Trying to find dates and times for meetings and events for a group of people is a difficult task. The built-in tools in Outlook running against a Microsoft Exchange Server is one of the industry’s best solutions, but works only for teams where all members store calendar information within linked domains (within a single company). Users of Microsoft Exchange with an Outlook client can easily view the free-busy times for others in the company, and thus more easily select a time for a meeting where most or all of the required participants are available. Below is a screen shot of a representative meeting schedule view from Outlook. The busy times for each invitee are shown as blue bars.
Microsoft attempted to address the problem of free-busy sharing with people outside a company by creating a public free-busy sharing service. This was a Web server where Outlook would save a copy of each person’s iCalendar (iCAL) formatted free-busy information gleaned from their personal calendars. Anyone who had access permission could see the busy and available times in their calendar exactly as if the person had an account on their company’s Exchange e-mail server. Unfortunately, Microsoft decided to pull the plug on that service in 2004. You can still use Outlook to publish to other places, but this takes a great deal of work to setup and maintain.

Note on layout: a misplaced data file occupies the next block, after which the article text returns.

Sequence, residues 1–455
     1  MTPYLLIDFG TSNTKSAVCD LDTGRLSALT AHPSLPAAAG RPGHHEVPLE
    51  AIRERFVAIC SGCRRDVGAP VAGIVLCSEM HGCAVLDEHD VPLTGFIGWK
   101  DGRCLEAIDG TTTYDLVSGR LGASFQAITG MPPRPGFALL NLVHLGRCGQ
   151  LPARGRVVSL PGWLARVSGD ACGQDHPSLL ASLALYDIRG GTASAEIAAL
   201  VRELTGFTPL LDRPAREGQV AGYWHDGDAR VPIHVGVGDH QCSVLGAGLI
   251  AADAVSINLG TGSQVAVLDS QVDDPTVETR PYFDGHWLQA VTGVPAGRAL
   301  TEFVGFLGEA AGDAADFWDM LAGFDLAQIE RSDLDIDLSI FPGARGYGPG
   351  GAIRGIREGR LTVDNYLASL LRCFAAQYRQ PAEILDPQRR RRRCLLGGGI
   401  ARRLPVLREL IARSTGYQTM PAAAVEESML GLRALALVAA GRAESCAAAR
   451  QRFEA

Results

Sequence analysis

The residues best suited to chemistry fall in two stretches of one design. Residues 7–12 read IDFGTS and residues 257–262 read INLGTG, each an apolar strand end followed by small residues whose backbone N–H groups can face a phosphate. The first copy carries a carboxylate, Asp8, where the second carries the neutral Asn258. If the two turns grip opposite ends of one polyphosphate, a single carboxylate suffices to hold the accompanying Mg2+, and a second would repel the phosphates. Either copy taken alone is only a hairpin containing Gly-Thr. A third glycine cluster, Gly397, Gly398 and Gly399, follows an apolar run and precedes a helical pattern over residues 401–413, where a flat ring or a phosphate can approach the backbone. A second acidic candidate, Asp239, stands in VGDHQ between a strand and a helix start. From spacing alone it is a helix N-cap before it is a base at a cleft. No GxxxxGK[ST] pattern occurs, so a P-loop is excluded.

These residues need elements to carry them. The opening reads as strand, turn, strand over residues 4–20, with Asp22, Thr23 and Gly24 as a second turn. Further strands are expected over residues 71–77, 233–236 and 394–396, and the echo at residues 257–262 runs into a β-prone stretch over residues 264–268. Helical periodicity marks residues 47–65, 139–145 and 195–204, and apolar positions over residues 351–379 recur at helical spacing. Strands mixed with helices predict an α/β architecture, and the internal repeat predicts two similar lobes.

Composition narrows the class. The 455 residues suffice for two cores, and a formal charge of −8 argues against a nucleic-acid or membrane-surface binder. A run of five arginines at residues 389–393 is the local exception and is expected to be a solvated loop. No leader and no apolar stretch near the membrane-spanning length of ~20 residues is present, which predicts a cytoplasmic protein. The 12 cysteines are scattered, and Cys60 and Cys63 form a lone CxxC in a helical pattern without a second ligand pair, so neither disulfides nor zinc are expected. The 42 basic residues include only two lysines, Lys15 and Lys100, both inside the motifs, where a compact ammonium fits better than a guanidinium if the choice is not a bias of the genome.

Another option that is less automatic, but works for anyone, is one of the free Web-based meeting arranger services. Meet-O-Matic is one such service that bills itself as the simplest available.